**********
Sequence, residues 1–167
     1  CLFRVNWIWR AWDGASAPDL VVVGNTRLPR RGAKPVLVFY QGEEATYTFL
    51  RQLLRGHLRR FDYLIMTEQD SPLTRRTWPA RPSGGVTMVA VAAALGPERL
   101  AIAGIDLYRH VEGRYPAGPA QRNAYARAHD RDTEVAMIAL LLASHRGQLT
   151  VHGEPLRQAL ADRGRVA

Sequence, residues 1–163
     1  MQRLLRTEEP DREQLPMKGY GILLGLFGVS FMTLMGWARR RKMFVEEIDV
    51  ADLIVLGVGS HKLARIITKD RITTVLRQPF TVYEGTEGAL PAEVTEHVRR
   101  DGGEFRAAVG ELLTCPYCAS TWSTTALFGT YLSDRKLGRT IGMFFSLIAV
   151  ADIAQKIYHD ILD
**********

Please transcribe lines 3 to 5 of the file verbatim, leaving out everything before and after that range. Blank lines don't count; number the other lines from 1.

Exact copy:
    51  RQLLRGHLRR FDYLIMTEQD SPLTRRTWPA RPSGGVTMVA VAAALGPERL
   101  AIAGIDLYRH VEGRYPAGPA QRNAYARAHD RDTEVAMIAL LLASHRGQLT
   151  VHGEPLRQAL ADRGRVA